Collecting matchboxes or matchbooks is the packing and transporting of matches.
Gathering this kind of matchboxes or matchbooks. As Collecting matchboxes like Collecting stamps, at least before the introduction of lighter were widespread in this area also has a large number of established collectors. However, the box is not in itself or its contents, the matches, the primary object of interest, but probably the labels or the lithographs on the boxes.
The matchboxes itself can be made of cardboard. This probably relates to the vast majority of the containers, they are less often very thin chipboard or plywood, rarely used metal like tin plates, but also plastic.
Of course, the match or matches itself is interesting, there are so many different matches as safety matches. They flame by being striked on the friction surface of the corresponding box or self-igniting wood or familiar from old movies matches, which ignited on any rough surface, such as building walls is. It is worthwhile in any case, a quick look at the historical development. To manage the increasingly extensive matchbox collection, and of course the same applies to other collections , a suitable software is essential.
There are now great free software programs that facilitate the Collecting Matchboxes quite well. In addition, you can also get storage boxes, display cases, labeled. You can use a label maker or print out labels on your printer for the storage boxes. The labels may consist of only writing, but also can have pictures on them like business cards with pictures of the matchboxes. This allows your collection of matchboxes to look professionally.
Collecting Matchboxes: Development of the match.
In our latitudes, especially suitable was the tinder, which grows on decaying houses directly or birch on the trunk. One can imagine how our ancestors experiment, the hunter-gatherers of prehistoric times, must have been, until they found out that just the dried inside this fungus in almost excellently suited to be brought by sparks to glow to be. Then one must come first! This knowledge is gained by our ancestors still during survival training in the great outdoors – applied some better known as Survival.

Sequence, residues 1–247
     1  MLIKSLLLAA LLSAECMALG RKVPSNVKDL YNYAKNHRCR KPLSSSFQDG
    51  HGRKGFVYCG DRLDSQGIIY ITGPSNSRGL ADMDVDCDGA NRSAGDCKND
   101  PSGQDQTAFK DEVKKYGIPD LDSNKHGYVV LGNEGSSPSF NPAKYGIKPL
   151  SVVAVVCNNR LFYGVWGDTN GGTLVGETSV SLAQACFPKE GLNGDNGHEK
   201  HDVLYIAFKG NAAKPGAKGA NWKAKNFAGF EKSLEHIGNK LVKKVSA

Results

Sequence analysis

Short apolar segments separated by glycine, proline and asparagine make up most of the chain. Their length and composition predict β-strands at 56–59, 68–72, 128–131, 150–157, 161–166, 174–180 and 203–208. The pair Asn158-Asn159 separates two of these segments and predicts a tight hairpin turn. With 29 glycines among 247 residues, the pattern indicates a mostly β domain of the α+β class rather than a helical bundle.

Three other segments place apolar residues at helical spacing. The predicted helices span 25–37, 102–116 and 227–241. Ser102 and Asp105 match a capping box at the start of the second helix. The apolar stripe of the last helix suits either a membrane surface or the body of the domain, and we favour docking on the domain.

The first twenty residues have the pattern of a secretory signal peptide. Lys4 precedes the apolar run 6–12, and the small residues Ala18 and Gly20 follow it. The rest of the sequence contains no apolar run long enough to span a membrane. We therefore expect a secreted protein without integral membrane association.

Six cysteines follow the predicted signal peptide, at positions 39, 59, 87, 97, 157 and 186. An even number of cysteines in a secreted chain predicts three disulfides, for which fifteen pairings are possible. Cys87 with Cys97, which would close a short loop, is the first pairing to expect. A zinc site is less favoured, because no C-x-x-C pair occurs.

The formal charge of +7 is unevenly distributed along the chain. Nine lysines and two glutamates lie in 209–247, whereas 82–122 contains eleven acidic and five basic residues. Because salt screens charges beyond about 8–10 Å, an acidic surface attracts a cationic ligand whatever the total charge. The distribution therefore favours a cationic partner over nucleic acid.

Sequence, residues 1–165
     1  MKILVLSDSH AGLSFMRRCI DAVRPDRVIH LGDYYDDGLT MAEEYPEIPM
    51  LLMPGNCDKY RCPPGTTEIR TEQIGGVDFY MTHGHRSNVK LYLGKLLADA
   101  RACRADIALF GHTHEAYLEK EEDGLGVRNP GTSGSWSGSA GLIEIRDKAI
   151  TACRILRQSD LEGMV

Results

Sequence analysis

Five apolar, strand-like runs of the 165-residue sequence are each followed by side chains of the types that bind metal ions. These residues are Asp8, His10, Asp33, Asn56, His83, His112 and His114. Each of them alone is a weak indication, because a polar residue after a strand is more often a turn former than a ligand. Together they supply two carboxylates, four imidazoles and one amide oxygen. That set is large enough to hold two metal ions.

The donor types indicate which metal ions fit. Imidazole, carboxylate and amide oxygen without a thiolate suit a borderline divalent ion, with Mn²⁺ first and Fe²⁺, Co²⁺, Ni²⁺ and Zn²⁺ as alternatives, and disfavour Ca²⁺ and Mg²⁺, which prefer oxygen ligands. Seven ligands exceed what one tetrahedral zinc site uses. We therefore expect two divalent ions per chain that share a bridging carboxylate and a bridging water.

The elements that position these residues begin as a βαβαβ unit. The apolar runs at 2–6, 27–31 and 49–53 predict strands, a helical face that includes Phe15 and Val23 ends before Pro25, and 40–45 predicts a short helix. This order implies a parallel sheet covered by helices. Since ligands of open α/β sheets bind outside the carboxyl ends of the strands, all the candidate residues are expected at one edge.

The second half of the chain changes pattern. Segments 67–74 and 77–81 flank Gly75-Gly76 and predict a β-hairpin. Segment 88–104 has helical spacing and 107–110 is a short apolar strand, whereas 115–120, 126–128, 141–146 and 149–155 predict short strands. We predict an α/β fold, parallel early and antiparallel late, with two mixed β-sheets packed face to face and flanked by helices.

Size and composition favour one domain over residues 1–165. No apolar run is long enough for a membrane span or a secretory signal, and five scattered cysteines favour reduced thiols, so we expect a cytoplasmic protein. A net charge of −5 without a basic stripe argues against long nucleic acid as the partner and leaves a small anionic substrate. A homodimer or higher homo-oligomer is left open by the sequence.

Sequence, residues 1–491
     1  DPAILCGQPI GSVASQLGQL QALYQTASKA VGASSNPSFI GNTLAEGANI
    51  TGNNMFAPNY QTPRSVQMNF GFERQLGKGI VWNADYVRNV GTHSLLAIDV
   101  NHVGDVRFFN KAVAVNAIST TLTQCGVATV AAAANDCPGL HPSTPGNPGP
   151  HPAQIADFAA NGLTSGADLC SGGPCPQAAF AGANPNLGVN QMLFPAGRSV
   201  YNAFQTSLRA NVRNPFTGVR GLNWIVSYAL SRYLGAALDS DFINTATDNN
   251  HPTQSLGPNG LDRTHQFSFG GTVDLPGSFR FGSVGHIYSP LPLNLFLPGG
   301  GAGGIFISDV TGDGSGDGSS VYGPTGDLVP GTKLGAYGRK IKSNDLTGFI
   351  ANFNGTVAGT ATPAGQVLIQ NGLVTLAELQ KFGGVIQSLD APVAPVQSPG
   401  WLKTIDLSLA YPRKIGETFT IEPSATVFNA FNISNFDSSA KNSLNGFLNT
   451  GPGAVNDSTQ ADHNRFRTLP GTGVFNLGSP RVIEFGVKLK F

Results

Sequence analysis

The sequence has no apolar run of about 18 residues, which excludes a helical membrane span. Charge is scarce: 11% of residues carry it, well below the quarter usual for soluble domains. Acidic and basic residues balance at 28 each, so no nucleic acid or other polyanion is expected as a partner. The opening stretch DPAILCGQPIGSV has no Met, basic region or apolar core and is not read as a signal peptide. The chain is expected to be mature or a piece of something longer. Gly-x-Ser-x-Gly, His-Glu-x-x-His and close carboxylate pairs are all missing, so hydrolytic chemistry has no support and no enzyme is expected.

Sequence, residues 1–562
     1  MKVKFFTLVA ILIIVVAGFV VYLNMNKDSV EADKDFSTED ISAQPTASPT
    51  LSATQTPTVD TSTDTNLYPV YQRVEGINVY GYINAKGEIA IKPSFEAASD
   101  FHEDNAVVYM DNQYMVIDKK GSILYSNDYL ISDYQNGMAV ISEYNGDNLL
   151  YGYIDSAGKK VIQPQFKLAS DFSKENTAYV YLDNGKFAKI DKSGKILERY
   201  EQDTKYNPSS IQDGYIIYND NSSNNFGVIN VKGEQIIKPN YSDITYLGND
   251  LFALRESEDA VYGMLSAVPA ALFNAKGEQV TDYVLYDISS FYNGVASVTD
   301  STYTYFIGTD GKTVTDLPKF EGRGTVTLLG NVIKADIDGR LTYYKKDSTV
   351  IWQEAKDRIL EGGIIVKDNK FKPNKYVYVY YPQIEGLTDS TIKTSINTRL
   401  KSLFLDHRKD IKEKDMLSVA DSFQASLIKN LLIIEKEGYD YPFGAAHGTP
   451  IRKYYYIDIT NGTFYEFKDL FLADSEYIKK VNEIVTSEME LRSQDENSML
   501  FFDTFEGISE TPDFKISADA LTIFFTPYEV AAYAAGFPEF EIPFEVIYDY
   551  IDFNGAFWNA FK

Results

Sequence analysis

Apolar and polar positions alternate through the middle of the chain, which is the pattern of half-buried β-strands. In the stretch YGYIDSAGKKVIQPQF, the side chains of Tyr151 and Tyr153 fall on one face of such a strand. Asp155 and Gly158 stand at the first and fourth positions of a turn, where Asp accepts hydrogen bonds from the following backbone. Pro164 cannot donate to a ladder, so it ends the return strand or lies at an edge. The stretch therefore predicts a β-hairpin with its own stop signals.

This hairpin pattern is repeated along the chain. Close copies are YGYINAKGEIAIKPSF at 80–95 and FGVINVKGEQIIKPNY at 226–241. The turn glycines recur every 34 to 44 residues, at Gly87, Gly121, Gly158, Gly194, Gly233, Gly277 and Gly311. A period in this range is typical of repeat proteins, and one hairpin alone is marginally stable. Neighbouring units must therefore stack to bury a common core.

They were actually used throughout the course of the Middle Ages, have become relatively rare and are protected. They worked all the better if they were soaked in phosphate or nitrate. I suspect that this knowledge arises already from our ancestors. Of course this still knew no phosphorus in the modern sense, was the periodic table in chemistry teaching, it was still not easy.
The next milestone in the development of the brand matches translated undoubtedly called phosphorus bushes. They were made up of two components, namely a phosphorus bottle, protected where the flammable phosphorus in wax or oil and sulfur was soaked sticks. These were after dipping in phosphorus also ignited by atmospheric oxygen.
Among other things provided with a potassium-head of matches was dipped in sulfuric acid. Here too was the ignition with a quick pull of the match to the open air. The handling was just very dangerous, producing extremely harmful to health. Particularly met these negative characteristics to the white phosphorus.
Collecting Matchboxes: The development of friction matches.